Residential – Property ranging from single family homes, apartments and duplexes to vacation rental condominiums and townhomes. This category is the most common type of 1031 exchange.


Commercial – Convenience stores, gas stations, shopping malls, strip centers, parking lots, golf courses, marinas, nursing homes and office buildings cover an expansive list of properties that qualify.


Agriculture – Farm land, including ranches, mixed use primary residences on land and timberland are eligible for 1031 exchange treatment.


Conservation Easements – Land trust and conservation easements are eligible for 1031 exchange.


Oil, Gas, Mineral, Water and Ditch Rights – Given there is a perpetual interest involved, oil, gas, mineral and ditch rights are eligible. Royalties are considered real property and therefore qualify.


Tenants in Common or Delaware Statutory Trusts – Multi party ownership, including TIC and DST interests are eligible.


Though this list is not entirely comprehensive, it represents the vast majority of “Like Kind” properties that are engaged in 1031 exchange treatment. (Source: Atlas 1031)



The EB-5 and Opportunity Zone programs have plenty in common, and EB-5 developers and fund managers are well-positioned to pivot into Opportunity Zone projects.  


Both EB-5 and OZ funds have similar goals and were designed to bring new capital to struggling communities.



EB-5 is basically private equity with immigration investors, and Opportunity Zones are basically private equity with tax-incentive.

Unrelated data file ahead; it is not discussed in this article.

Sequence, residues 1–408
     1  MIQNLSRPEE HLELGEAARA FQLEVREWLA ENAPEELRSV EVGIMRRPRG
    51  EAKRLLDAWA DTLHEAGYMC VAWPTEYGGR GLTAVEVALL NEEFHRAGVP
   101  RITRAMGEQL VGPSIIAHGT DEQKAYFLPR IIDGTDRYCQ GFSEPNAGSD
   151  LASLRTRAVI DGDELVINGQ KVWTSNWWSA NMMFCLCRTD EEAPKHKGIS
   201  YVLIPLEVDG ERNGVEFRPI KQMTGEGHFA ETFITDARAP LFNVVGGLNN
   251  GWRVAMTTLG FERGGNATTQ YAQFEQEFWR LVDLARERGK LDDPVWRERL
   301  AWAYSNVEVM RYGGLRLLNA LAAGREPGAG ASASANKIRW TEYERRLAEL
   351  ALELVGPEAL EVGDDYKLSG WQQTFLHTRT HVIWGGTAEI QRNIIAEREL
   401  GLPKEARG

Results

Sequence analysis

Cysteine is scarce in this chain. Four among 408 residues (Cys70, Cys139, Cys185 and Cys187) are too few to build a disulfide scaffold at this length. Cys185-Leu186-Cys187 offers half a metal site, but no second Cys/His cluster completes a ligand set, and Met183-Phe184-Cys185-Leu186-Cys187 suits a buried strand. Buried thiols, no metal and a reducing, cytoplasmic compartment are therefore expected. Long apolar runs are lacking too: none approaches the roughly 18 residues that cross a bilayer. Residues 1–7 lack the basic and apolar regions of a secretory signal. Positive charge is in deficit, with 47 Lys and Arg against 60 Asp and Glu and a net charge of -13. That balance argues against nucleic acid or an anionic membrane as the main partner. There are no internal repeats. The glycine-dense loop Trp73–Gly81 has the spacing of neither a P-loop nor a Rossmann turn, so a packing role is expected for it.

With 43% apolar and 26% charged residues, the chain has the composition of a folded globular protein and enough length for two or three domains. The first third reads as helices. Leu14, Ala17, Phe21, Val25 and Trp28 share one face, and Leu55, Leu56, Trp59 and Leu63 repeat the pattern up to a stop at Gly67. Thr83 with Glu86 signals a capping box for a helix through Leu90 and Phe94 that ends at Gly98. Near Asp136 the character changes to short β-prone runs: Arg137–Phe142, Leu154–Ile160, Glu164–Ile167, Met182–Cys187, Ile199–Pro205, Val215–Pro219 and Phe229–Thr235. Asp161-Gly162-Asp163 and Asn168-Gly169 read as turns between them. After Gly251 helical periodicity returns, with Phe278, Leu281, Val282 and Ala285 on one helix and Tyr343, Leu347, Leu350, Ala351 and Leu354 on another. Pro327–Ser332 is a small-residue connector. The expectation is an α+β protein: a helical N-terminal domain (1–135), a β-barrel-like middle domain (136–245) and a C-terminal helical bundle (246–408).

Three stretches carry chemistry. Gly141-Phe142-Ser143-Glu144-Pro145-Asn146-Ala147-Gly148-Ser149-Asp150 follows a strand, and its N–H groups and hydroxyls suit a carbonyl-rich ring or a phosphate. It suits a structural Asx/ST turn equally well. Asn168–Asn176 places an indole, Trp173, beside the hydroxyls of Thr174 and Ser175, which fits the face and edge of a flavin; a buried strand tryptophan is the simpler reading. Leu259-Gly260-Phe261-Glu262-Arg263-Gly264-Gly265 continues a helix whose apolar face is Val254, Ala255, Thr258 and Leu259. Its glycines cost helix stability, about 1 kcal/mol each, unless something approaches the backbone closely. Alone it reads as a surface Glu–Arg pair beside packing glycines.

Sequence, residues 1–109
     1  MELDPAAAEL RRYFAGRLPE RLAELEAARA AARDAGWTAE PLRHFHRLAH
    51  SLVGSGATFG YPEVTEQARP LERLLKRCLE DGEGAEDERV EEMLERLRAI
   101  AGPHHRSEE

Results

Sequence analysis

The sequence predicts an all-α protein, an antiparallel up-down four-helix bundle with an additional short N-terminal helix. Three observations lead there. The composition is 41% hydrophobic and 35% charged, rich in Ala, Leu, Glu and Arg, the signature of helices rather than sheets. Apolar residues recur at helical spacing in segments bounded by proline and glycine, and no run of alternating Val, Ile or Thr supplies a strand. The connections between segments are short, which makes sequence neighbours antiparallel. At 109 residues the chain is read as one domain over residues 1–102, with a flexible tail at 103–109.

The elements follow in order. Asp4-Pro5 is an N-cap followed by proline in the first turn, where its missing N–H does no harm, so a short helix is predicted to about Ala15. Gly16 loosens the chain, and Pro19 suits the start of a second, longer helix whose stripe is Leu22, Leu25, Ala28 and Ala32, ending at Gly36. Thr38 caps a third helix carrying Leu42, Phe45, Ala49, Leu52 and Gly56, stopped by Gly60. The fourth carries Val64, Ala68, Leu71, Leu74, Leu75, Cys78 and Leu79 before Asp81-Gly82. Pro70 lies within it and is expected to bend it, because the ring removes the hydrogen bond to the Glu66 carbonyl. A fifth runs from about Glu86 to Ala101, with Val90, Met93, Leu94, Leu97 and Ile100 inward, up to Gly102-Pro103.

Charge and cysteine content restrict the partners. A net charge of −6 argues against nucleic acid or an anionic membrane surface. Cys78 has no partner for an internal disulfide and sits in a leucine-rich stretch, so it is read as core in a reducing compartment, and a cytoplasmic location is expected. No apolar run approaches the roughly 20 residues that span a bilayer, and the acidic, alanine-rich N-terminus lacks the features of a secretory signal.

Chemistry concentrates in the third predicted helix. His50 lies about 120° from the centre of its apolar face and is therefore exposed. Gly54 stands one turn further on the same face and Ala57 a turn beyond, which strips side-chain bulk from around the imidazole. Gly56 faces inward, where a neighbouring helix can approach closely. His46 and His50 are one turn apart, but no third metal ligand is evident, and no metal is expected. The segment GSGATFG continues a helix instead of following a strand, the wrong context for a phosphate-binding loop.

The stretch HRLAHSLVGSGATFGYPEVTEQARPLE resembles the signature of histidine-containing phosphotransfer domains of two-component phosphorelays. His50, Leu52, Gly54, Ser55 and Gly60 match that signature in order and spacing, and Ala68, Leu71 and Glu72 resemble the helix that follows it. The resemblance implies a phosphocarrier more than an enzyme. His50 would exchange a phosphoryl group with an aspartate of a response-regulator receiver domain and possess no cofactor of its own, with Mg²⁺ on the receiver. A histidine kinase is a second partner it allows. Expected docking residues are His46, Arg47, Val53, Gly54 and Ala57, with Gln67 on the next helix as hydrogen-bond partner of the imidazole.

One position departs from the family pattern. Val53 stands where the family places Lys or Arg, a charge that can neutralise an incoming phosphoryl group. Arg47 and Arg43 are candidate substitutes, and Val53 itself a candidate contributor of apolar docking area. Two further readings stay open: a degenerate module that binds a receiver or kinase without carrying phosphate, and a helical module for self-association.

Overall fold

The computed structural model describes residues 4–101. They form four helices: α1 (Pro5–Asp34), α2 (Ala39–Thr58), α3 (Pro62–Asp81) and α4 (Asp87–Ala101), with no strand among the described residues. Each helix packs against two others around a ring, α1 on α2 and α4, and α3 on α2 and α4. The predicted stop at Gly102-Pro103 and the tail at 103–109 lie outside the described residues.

USCIS administers the EB-5 program, created by Congress in 1990 to stimulate the U.S. economy through job creation and capital investment by foreign investors. Under a program initially enacted as a pilot in 1992, and regularly reauthorized since then, investors may also qualify for EB-5 classification by investing through regional centers designated by USCIS based on proposals for promoting economic growth. On Nov. 21, 2019, President Trump signed a law extending the Regional Center Program through Dec. 20, 2019.



The minimum investment amounts by filing date and investment location are:


Petition Filing Date

Before 11/21/2019



Minimum Investment Amount – 8 CFR 204.6(f)(1).


$1,000,000



Targeted Employment Area Investment Amount – 8 CFR 204.6(f)(2)


$500,000



High-Employment Area Investment Amount – 8 CFR 204.6(f)(3)

$1,000,000


Petition Filing Date


On or After 11/21/2019



Minimum Investment Amount – 8 CFR 204.6(f)(1).


$1,800,000



Targeted Employment Area Investment Amount – 8 CFR 204.6(f)(2)


$900,000



High-Employment Area Investment Amount – 8 CFR 204.6(f)(3)

$1,800,000


Future adjustments will be tied to inflation (per the Consumer Price Index for All Urban Consumers, or CPI-U) and occur every five years.
 

Learn More

The United States Virgin Islands is an unincorporated US Territory in the Caribbean, to include St. Thomas, St. John and St. Croix.  Click on Find Out More below for project opportunities and overview.